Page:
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The angel first appeared either in the spring or summer of 1916 at Loca do Cabeço, a rocky outcrop near the top of a knoll called Cabeço, not far from Aljustrel. This is Sister Lucia's account of the apparition:

"We had been playing for a while when a strong wind shook the trees. Since it was a calm day, we looked up to see what was happening. Then we began to see, well above the trees that covered the stretch of land to the east, a light whiter than snow in the shape of a transparent young man who was more brilliant than a crystal struck by the rays of the sun.

"As he approached, we began to see his features. He was a young man of great beauty about fourteen or fifteen years old. We were surprised and ecstatic. We did not utter a word.

"Once he drew near us, he said: 'Fear not. I am the Angel of Peace. Pray with me.' "Kneeling down, he bowed until his forehead touched the ground.

Led by a supernatural inspiration, we imitated him, and repeated the words we heard him say:
'My God, I believe, I adore, I hope, and I love Thee. I beg Thee forgiveness for those who do not believe, do not adore, do not hope, and do not love Thee.'

"After he had repeated this twice, he rose and said: 'Pray thus. The Hearts of Jesus and Mary are attentive to the voice of your supplications.' Then he disappeared.

"The supernatural atmosphere that enveloped us was so intense that we were almost unaware of our own existence. For a long time, we remained in the same position repeating the same prayer. The presence of God was so intense and intimate that we dared not speak to each other. On the following day, we felt our spirits still enveloped in that atmosphere, which was but slowly disappearing.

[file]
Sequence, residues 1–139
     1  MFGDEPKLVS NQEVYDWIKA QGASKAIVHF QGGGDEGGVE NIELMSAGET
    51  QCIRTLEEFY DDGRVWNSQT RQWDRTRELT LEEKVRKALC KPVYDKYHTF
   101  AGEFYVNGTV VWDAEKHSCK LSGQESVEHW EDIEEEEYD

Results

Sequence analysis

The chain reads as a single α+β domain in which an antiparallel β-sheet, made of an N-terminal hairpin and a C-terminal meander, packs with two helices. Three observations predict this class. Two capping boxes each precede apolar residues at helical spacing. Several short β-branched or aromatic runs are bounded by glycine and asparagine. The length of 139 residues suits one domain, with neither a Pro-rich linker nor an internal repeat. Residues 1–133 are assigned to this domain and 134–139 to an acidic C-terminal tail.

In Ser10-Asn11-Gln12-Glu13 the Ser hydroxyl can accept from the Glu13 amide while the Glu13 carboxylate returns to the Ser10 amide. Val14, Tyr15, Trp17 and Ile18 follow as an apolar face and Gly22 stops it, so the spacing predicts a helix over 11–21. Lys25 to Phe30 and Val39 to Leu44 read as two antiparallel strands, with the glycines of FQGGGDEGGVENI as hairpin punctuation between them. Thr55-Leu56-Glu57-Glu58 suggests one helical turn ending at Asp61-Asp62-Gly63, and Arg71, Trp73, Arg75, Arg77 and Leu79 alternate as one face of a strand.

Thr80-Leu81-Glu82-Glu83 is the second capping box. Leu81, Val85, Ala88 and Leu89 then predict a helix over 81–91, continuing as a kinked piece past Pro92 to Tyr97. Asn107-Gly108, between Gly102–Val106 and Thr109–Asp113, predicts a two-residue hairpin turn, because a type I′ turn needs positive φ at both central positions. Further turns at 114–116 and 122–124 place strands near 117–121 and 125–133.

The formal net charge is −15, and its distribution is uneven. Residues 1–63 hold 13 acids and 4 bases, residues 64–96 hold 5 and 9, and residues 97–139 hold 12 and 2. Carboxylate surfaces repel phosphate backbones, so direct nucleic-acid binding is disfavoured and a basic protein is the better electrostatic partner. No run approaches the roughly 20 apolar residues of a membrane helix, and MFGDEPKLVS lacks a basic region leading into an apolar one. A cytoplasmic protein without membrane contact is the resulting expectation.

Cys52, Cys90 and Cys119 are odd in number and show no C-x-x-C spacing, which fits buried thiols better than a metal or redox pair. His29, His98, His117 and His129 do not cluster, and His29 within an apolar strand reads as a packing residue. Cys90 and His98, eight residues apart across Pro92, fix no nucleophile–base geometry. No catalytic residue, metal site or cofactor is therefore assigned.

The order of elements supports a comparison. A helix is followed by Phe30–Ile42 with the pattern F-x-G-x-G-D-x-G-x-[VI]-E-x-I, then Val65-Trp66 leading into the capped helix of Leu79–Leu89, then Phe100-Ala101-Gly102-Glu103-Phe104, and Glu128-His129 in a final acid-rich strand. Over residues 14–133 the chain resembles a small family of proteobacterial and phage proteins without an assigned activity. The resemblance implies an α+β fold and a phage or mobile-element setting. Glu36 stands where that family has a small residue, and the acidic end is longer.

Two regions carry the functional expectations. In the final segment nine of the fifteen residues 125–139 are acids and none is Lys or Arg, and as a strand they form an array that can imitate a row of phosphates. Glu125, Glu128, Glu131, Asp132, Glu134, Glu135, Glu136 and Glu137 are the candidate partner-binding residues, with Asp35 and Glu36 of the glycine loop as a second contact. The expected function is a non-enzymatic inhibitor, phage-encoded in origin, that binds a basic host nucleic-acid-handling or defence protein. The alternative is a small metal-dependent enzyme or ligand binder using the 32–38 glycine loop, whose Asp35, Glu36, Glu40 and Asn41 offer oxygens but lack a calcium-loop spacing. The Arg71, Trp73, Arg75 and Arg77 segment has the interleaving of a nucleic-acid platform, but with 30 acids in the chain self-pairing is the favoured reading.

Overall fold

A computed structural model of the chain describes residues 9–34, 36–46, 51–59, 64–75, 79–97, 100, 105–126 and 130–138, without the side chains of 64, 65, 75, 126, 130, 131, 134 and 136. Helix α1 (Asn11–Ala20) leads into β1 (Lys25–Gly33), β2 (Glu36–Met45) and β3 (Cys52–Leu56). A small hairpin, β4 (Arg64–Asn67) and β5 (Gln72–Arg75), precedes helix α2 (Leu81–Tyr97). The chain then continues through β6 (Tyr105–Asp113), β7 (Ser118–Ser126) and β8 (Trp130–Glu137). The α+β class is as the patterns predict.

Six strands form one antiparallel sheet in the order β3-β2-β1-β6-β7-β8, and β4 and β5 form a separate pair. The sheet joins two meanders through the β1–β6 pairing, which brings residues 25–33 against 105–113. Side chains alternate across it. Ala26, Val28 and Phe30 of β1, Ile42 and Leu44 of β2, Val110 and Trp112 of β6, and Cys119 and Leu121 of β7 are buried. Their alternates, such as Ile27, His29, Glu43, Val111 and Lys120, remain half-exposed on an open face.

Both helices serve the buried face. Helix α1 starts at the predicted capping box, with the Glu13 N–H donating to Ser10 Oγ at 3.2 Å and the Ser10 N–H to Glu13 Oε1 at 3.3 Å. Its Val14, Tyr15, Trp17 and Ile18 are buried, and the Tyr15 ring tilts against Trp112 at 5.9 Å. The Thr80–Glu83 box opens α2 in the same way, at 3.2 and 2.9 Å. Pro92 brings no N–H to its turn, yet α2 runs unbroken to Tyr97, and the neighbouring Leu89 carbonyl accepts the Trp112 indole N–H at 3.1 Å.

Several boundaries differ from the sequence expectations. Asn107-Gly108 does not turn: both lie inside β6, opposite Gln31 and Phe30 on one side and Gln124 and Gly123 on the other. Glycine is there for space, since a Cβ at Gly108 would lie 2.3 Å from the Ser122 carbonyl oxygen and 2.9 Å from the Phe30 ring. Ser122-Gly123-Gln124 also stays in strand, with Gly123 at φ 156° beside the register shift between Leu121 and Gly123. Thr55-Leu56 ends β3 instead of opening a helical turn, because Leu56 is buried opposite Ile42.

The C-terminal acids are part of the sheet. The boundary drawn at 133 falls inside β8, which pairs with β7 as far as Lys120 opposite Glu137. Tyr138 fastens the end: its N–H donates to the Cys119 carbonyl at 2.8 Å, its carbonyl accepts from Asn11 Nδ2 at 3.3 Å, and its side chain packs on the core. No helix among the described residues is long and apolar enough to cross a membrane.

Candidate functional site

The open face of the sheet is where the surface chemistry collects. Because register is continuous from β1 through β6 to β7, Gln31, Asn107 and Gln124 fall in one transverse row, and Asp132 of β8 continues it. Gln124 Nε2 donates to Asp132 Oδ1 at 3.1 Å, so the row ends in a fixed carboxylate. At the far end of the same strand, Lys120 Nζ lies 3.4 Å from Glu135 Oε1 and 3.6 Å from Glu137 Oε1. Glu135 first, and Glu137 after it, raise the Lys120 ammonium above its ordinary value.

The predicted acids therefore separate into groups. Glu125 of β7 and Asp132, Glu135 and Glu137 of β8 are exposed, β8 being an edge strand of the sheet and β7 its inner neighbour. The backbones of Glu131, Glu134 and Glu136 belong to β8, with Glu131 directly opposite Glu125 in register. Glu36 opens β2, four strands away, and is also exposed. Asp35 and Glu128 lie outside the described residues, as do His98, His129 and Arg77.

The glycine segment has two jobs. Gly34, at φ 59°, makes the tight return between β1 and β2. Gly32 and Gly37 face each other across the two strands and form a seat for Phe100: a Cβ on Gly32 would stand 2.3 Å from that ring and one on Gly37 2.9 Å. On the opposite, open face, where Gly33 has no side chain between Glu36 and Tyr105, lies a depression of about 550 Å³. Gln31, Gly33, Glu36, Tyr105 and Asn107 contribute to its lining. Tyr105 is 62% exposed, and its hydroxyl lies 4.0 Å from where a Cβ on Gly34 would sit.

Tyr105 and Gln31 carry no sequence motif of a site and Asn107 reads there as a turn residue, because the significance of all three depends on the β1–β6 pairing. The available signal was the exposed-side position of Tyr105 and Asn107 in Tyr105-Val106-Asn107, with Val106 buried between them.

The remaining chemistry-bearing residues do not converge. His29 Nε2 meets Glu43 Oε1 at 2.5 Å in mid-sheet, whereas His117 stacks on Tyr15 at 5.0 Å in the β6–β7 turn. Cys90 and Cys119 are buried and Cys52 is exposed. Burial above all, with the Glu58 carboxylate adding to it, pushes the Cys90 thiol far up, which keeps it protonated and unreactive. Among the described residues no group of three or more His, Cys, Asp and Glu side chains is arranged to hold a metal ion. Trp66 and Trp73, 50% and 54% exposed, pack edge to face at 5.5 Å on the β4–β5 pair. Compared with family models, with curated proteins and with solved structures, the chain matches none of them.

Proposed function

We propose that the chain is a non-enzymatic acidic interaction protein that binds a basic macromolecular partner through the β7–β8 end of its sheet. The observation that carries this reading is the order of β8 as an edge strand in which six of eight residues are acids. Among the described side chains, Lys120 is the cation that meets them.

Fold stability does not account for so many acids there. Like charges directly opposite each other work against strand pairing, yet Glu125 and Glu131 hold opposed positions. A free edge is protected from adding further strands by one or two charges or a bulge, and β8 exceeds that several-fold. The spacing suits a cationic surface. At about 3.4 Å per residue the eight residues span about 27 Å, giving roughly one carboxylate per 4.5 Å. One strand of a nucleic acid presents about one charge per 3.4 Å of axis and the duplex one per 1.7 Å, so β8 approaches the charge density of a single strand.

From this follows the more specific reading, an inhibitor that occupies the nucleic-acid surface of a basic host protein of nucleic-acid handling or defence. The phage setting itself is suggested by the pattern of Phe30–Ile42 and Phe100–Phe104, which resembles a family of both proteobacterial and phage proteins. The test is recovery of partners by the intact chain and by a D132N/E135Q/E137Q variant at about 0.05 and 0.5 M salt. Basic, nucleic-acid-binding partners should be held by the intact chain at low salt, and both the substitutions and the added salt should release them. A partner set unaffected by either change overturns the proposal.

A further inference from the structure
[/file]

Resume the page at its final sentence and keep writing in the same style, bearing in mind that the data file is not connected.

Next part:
"None of us thought of talking about this apparition or of recommending secrecy, for the incident itself demanded it. It was so intimate that it was difficult to utter a word about it. This might well have been the apparition that impressed us the most, because it was the first one thus manifested."

 


 

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DAILY QUOTE for August 18, 2018

An excess of immodesty in fashion involves, in practice  th...

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August 18

 

An excess of immodesty in fashion involves, in practice,
the cut of the garment.
The garment must not be evaluated according to the estimation of
a decadent or already corrupt society,
but according to the aspirations of a society
which prizes the dignity and seriousness of its public attire.

Pope Pius XII


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SAINT OF THE DAY